Sure, but what if you don’t need something as complex as s3? If I just want to serve static files I can probably manage that just fine - probably better than AWS can manage something as complex as s3.
Internally I’m sure S3 is super complex, but none of that is exposed to me.
If you were using the AWS-recommended setup for a static site on s3 (that is, putting a CDN in front of it) then you likely didn’t notice the outage at all (for a few hours you couldn’t post new stuff but existing content is served out of your CDN).
Had a static site setup exactly this way on us-east-1 and it went down.
Was able to get a back up working on Firebase is about 30 minutes.
Uh…yes? Think universities, engineering companies (real ones, not YCStartupprgonnabegoneintwomonths.ly), research labs…
Yeah. I’m working on that. I’ve had a couple users email me, and I’ve manually reset their passwords. If you need me to manually reset yours, just let me know.
“From the negative perspective, people can use our cross-browser tracking to violate users' privacy by providing customized ads,” Yinzhi Cao, the lead researcher who is an assistant professor in the Computer Science and Engineering Department at Lehigh University, told Ars. “Our work makes the scenario even worse, because after the user switches browsers, the ads company can still recognize the user. […]”
The value of work like this is evident: certainly there are advertisers looking for privacy vulnerabilities like this one, and if they find a hole they’ll keep it secret and exploit it. It’s good to have people finding these holes on behalf of the advertised-to, and publishing them so they can be fixed.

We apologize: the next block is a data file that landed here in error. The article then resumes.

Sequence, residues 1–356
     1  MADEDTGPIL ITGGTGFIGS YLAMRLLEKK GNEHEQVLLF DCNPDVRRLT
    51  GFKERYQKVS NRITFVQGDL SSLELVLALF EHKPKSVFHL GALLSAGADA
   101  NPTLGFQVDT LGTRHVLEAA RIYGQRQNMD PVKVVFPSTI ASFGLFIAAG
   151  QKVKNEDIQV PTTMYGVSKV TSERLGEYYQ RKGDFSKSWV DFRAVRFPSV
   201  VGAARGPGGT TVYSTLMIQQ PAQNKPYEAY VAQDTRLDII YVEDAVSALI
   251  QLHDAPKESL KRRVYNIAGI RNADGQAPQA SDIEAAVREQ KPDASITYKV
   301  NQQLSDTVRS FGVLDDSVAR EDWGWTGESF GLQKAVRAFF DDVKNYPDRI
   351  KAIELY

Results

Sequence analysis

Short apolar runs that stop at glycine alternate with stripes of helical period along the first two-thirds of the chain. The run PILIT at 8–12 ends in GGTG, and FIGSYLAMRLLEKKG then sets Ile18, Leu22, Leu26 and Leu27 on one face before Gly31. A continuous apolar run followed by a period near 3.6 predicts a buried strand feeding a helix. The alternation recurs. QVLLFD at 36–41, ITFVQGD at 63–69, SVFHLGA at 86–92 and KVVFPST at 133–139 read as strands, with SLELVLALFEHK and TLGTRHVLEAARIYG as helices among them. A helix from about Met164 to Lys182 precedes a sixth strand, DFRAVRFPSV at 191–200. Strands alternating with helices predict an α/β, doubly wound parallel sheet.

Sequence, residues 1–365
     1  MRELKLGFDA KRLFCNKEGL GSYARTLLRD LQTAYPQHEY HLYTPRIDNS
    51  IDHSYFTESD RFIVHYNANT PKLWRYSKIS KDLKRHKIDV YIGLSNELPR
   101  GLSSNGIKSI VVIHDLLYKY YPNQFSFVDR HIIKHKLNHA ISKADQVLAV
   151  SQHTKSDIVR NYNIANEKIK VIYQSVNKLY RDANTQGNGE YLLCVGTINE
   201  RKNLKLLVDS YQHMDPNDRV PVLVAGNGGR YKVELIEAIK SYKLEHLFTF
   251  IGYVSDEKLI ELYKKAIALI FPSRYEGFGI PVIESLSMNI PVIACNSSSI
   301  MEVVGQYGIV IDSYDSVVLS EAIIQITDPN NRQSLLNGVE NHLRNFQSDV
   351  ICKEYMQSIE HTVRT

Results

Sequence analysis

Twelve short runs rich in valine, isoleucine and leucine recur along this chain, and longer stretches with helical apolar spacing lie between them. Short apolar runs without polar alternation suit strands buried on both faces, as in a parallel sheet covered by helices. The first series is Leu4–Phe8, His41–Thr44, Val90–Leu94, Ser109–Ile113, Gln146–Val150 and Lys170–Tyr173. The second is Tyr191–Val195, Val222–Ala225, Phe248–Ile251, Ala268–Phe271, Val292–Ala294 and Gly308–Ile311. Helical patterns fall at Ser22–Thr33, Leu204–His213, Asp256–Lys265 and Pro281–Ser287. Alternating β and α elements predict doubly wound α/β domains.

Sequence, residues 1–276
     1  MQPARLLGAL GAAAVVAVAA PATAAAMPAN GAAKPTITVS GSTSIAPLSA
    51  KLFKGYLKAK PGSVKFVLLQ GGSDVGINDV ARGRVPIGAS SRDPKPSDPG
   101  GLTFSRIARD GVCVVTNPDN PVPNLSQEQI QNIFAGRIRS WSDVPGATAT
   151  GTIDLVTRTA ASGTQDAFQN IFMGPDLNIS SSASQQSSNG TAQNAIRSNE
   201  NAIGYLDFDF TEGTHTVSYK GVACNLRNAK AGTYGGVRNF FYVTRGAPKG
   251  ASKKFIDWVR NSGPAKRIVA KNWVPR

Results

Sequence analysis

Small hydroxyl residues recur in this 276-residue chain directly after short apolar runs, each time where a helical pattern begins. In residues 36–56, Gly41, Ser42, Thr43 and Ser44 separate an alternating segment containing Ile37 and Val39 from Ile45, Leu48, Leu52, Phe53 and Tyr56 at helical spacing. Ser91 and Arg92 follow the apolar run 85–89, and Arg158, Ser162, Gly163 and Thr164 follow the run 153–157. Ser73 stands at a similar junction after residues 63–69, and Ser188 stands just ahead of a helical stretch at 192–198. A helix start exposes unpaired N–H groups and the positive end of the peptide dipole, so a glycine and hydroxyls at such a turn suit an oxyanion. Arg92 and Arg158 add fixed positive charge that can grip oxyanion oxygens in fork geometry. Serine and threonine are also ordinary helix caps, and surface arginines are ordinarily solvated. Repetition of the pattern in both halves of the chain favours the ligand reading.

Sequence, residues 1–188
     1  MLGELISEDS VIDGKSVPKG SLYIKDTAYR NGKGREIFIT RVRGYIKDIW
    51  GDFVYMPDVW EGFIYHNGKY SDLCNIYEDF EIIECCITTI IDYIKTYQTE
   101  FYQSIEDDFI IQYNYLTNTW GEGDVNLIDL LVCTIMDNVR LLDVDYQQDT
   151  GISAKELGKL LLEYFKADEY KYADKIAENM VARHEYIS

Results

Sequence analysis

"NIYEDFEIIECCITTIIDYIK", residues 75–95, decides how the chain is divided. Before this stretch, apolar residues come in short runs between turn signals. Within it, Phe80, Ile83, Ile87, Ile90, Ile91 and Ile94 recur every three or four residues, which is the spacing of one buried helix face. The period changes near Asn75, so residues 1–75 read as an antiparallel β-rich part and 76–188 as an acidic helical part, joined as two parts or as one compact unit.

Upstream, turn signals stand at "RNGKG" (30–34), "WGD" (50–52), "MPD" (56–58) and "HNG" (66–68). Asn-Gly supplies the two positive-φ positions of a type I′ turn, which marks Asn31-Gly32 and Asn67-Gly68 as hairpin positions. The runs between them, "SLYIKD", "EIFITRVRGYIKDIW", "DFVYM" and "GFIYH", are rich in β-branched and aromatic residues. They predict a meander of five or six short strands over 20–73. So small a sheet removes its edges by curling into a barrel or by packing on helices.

A question: is it usual to publish immediately when one discovers a privacy vulnerability? Would it be good to treat privacy vulnerabilities like (other) security vulnerabilities, and give browser vendors a head start to fix the vulnerability before it is published?
I’m not sure what could be done to fix this vulnerability. Scanning for WebGL capabilities isn’t exactly a bug, nor is checking the system font list.
Selectively enabling WebGL for sorted that request it would be nice as a privacy option. Sort of how browsers treat Java and Flash.
Hmm, I did find CanvasBlocker for Firefox:
Users can choose to block the <canvas> API entirely on some or all websites
If it was a really specific bug with a clear fix, I’d treat it like a security vulnerability and give the vendor a chance to fix it first. But this is more like a design flaw than a specific exploit, and I think it’s unlikely those can be fixed without substantial public discussion, because you need to build consensus around a design change and argue about the tradeoffs. For example, that’s how the privacy leak through the CSS :visited selector was eventually fixed.
This is what happens when people don’t update Windows!
How can you determine that? Are you joking?